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See Jill Wagy's (Technology Management Administrator, Durham County Library.) presentation associated this handout:

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  • 1. This training has been adapted from the Community Workshop Series TO WORKCOMPUTER BASICSThe Ready to Work program is a four-part series of basic computer classes that include: ComputerFundamentals, Internet and Web Basics, Introduction to Web-based Email and Introduction to theMicrosoft Word Web App. After completing the program you will receive a certificate.
  • 2. TABLE OF CONTENTSSection One - Computer FundamentalsGETTING STARTEDPrerequisites.............................................................................................................PAGE 7What You Will Learn ...............................................................................................PAGE 7BASIC COMPUTER SKILLSIdentifying Major Computer Components .............................................................. PAGE 8How Computers Work ............................................................................................. PAGE 9OPERATING SYSTEMS AND SOFTWAREMicrosoft Windows Operating System .................................................................... PAGE 10Turning on the Computer and Logging On .............................................................. PAGE 11Desktop / Environment ........................................................................................... PAGE 12THE KEYBOARD AND THE MOUSEUsing and Understanding the Keyboard..................................................................PAGE 13Using and Understanding the Mouse ......................................................................PAGE 14Left-Clicking, Double-Clicking and Right-Clicking ....................................................PAGE 14THE DESKTOPManaging Windows ................................................................................................ PAGE 17The Taskbar.............................................................................................................. PAGE 17SHUTTING DOWN THE COMPUTERLogging Off vs. Turning off / Shutting Down ...........................................................PAGE 18ADDITIONAL INFORMATIONFinding More Help....................................................................................................PAGE 18Buying a Computer .................................................................................................. PAGE 19Other Programs and Software................................................................................. PAGE 19MOUSING EXERCISES ........................................................................................................... PAGE 20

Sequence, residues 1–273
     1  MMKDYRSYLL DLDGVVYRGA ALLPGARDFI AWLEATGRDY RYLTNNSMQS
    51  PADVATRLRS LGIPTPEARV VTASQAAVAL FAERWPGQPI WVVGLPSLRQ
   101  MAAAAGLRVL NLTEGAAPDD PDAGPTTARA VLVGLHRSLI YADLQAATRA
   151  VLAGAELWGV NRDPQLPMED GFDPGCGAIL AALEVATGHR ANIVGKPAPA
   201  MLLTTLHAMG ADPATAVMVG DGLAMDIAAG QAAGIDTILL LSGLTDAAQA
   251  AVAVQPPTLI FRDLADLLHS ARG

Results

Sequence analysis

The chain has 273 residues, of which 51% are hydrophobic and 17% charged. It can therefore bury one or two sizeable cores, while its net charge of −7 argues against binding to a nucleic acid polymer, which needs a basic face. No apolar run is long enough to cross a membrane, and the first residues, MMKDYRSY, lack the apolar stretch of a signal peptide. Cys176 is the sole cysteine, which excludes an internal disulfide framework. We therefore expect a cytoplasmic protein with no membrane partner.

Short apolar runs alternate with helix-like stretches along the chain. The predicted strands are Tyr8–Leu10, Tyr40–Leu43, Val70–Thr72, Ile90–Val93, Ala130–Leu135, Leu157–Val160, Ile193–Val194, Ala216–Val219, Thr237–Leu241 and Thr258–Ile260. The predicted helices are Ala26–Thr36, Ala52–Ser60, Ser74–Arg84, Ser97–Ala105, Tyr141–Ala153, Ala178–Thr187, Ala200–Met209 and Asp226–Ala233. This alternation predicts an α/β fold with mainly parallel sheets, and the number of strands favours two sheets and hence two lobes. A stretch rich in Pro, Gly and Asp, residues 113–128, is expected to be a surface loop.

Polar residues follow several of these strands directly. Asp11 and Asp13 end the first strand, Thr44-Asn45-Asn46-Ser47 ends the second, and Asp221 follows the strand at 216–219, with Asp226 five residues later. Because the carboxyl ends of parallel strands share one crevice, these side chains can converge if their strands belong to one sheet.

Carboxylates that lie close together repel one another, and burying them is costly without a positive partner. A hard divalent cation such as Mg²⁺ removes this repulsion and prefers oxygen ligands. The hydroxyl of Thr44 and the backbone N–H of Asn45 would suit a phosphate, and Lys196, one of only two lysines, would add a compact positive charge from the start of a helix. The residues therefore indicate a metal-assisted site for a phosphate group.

• 3. Section Two – Internet and Web BasicsGETTING STARTEDPrerequisites ..........................................................................................................PAGE 31What You Will Learn ............................................................................................ PAGE 31BASIC WEB SKILLS/USING A WEB BROWSERLocate and Open a Web Browser ..........................................................................PAGE 32Using a Browser’s Menu Bar ............................................................................... PAGE 33Using the Browser’s Toolbar................................................................................ PAGE 33The Address Bar .................................................................................................... PAGE 34Using Tabs ............................................................................................................ PAGE 34Using the Browser’s Help Feature .........................................................................PAGE 34WEBSITE ADDRESSES/URLsGo to a Specific Web Address ............................................................................... PAGE 35Identify and Follow Links on a Web Page ............................................................ PAGE 36Manipulate a Web Page ........................................................................................PAGE 36USING SEARCH ENGINESFinding Information with a Search Engine ............................................................PAGE 37Refining your Search ............................................................................................ PAGE 37Understanding Error Messages ............................................................................ PAGE 38COPYING INFORMATION FROM THE WEBSaving Images, Documents and More .................................................................. PAGE 38NAVIGATING THE WEBIdentifying Advertisements .................................................................................. PAGE 39Viruses and Personal Safety ..................................................................................PAGE 40INTERNET EXERCISE ........................................................................................................... PAGE 42